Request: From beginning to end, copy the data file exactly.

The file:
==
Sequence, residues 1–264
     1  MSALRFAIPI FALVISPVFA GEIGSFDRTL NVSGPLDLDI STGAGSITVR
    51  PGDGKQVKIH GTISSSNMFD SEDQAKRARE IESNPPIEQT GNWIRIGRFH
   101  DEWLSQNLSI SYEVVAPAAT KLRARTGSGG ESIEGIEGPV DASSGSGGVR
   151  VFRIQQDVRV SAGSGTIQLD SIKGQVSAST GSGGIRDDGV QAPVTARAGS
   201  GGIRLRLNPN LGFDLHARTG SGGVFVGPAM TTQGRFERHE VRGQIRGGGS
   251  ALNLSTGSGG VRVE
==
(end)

Sequence, residues 1–264
     1  MSALRFAIPI FALVISPVFA GEIGSFDRTL NVSGPLDLDI STGAGSITVR
    51  PGDGKQVKIH GTISSSNMFD SEDQAKRARE IESNPPIEQT GNWIRIGRFH
   101  DEWLSQNLSI SYEVVAPAAT KLRARTGSGG ESIEGIEGPV DASSGSGGVR
   151  VFRIQQDVRV SAGSGTIQLD SIKGQVSAST GSGGIRDDGV QAPVTARAGS
   201  GGIRLRLNPN LGFDLHARTG SGGVFVGPAM TTQGRFERHE VRGQIRGGGS
   251  ALNLSTGSGG VRVE